Daily Bow: Record Labels Get in on the Club Act

Daily Bow LogoClassical music in clubs, once something new and unheard of, has become almost de rigeur in the classical music scene. We’ve come a long way from being startled at Matt Haimovitz’s Bach in bars campaign, and almost every up-and-coming string quartet has made appearances in non-standard venues, whether it be a club or a coffee house or a bar. Classical Revolution has made an almost standardized practice out of taking classical music out of the concert hall, and it seems that the out-of-the-box movement has become a bonafide staple, courtesy of a network of independent grassroots initiatives. In fact, the classical club presence has become so much of a staple that it is in and of itself becoming somewhat institutionalized. Case in point: the Universal record label’s Yellow Lounge.

So what is Yellow Lounge? Yellow Lounge is a concert series that started eight years ago in Berlin and has since caught on in the U.K. The series is run by the Universal label, who sets up the concerts on a semi-regular basis. The concerts feature music in unconventional venues (clubs, lounges, bars, etc.), all for 10 pounds (in London). The nights include classical music being DJ’ed throughout the night, some video art installations, and interaction from the artists. The primary goal of the Yellow Lounge concerts is, in the words of Universal label executive Bee Bradley, “to engage with a new young audience. So many youngsters would get into classical music but don’t know where to start, don’t want to sit in concert halls or spend $100 on a ticket.” So Universal has decided to pitch the rules and the conventions out the door–but the one thing that stays, no matter what, is the quality of the music, the artists, and the repertoire. The pull of the label allows the concerts to feature well-known artists (one recent concert featured violin super-star Janine Jansen). Often, though, Bradley says that the young audience (around 18-40) is uninitiated and doesn’t know that they might otherwise be paying a fortune for a ticket to a concert with Janine Jansen.

The club phenomenon is particularly healthy in Britain, where it is evolving as a parallel supplement to–not substitute for–the traditional classical scene. Violinist Thomas Gould, concertmaster of the British Sinfonia, has appeared at London club Platform 33, which launched in January, and has presented 40 different mixed-media clubnights  all over the city. He views such events more as marketing tools, saying, “I don’t do them to make money. Twitter always goes crazy after these events. It’s a great way to have a direct line of communication with audiences.” However, he’s of the opinion that the buzz isn’t going to create a changed classical music scene as a whole. He says, “It’s a separate industry that’s evolved. People will still go to the Wigmore Hall.”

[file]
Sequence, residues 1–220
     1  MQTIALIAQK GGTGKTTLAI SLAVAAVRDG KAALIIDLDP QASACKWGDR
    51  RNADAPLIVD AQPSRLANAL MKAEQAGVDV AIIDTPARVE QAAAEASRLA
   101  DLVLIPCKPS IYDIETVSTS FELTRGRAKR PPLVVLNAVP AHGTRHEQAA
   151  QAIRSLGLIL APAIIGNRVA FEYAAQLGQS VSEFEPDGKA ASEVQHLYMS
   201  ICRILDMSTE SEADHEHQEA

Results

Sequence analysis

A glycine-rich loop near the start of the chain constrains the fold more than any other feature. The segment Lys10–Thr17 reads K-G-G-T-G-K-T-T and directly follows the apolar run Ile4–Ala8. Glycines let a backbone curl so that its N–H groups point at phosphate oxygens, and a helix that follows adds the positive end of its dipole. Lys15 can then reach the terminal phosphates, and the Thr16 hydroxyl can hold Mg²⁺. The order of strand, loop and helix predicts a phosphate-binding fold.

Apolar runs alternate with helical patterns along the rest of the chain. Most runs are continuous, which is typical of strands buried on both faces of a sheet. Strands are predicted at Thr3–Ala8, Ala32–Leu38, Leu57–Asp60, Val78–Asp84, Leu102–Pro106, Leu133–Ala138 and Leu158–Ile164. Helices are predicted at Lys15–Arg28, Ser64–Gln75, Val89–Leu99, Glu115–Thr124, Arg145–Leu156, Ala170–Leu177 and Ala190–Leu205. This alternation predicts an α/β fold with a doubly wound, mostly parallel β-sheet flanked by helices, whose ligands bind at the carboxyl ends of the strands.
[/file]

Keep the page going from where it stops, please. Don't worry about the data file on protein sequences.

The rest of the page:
Traditional institutions like the Universal label are wisely putting one foot in each camp. So it is with the extremely traditional Orchestra of the Age of Enlightenment, which is a bastion of impeccable reputation within the musical community. Surprisingly, they have been running their own classical clubnight, which they call “The Night Shift.” More surprisingly, it’s in its sixth year and is trading on totally standard repertoire. It’s just the format that they have changed, and it has resulted in great success. The format is the same as a clubnight–concerts kick off at 10pm and feature a free flow of alcohol and food (as well as audience members–who can come and go as in a jazz or rock concert). The lights are low and so are the ticket prices: tickets range from £9 ($14) in advance to £4 ($6) for students. Says the Orchestra of the Age of Enlightenment’s public relations manager William Norris, “We started out with the idea that the music still has appeal, it’s just the way it’s presented that doesn’t appeal to some audiences, particularly younger ones. The music we play is the same as we’d play in a ‘normal’ concert.” The way that he sees it, it’s not the material that has been causing a drop in attendance–it’s the format. The Night Shift is doing something, like Yellow Lounge, that many other traditional classical institutions has been struggling with: scoring with the coveted younger demographic–the demographic that can carry classical music into the future. Says Norris, “The audience is massively skewed to being under 35 (over 80%) and 15-20% are coming to a classical concert for the first time.”

Most importantly, though, the content is the same. Rather than pulling out the crossover rep or bending genres, the repertoire for these clubnights is overwhelmingly classical–and it’s successful. Norris explains: “The music we play is the same high quality as we’d play at 7pm, so it doesn’t matter in which context you experience it. Some people may always want to enjoy their music in a more relaxed late night setting and that’s fine, so there’s no point trying to tempt them into a more regular event, it’s about giving them a choice as to how they’d like to experience their music.”

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